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Public Health

YOU ARE IN: Human History; Glasgow History; Glasgow Health Public Health

Glasgow Museums has a collection of approximately 750 objects related to Glasgow's public health which date from between 1859 and 1996.

This collection includes photographs, prints and drawings, ceramics, water samples, geological and chemical samples, furniture, drinking fountains, metal housing tickets, posters, badges, leaflets, a model lodging house, a urinal and a silver handle from the opening of the Loch Katrine reservoir in 1859. A large part of this collection relates to the provision of clean and safe water and attempts to solve and control overcrowding and related problems in the city in the mid-to-late 1800s. Other material relates the Glasgow Corporation mass X-ray campaign to screen for tuberculosis in 1957; the 'Drinkwise' campaign led by the Health Education Board for Scotland in 1996; and 'Glasgow 2000', the campaign to make Glasgow a no-smoking city by the year 2000.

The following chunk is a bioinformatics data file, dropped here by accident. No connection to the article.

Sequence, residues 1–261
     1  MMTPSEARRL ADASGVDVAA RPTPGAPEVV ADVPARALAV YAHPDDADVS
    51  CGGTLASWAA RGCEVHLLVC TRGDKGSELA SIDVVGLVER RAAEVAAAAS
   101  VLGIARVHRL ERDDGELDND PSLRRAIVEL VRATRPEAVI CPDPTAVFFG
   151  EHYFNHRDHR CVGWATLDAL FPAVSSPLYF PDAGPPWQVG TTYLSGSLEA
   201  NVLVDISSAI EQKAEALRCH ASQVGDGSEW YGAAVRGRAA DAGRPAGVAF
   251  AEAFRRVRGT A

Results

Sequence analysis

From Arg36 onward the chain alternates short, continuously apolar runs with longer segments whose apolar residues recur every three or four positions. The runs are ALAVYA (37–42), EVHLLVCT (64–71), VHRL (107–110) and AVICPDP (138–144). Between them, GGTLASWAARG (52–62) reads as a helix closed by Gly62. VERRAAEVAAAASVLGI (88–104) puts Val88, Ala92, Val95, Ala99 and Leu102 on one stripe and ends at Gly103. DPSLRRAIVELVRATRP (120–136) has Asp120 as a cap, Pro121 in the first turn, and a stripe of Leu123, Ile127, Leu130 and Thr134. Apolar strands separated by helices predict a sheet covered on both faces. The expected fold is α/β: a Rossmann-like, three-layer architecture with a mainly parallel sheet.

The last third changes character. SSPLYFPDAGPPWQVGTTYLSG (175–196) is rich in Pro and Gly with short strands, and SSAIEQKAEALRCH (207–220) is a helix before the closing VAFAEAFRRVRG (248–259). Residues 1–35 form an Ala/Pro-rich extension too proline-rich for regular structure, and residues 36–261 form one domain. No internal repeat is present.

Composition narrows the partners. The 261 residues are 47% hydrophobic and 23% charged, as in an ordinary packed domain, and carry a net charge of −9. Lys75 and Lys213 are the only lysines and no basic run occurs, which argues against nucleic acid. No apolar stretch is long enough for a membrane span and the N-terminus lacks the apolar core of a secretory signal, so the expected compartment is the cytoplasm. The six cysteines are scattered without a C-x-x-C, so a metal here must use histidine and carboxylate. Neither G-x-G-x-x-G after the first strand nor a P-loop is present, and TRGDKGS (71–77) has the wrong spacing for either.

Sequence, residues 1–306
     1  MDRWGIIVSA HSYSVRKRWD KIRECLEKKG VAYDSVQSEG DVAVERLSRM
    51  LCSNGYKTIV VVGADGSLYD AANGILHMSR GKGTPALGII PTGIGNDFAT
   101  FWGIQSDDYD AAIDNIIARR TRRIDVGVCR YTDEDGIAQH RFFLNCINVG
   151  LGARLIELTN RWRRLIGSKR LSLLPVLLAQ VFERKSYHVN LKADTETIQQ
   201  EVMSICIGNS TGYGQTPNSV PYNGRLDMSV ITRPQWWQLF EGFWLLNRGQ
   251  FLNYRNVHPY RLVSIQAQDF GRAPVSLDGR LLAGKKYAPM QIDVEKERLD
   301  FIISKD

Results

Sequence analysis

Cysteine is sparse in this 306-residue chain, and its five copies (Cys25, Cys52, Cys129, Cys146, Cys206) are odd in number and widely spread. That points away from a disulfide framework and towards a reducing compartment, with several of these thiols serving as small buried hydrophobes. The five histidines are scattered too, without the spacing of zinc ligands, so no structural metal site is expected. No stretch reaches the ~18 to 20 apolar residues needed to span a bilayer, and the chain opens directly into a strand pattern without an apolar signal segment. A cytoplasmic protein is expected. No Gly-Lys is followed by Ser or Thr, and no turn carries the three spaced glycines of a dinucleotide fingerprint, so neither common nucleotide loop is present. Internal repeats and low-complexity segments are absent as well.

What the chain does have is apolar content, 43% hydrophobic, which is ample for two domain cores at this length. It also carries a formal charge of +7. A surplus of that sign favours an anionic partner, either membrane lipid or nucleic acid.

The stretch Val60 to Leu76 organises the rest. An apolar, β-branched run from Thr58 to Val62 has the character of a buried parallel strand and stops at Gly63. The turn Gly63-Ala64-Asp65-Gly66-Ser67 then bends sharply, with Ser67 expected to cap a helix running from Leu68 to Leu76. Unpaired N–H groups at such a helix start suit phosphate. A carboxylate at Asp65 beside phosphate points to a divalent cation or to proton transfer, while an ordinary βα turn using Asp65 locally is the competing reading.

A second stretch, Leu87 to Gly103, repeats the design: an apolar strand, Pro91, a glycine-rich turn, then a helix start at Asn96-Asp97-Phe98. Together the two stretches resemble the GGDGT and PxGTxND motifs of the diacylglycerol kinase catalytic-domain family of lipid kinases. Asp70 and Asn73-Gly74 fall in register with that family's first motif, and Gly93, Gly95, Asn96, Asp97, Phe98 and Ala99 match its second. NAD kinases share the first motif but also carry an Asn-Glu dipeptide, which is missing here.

From the mid-19th century until the creation of the National Health Service (NHS) in 1948 the issue of public health was largely the responsibility of Glasgow local government. Appalling living conditions and poor life expectancy in Glasgow, particularly after epidemics of infectious diseases in the first half of the 19th century, led to much needed initiatives to improve public health. These initiatives were to gain the city its well-deserved reputation for innovation.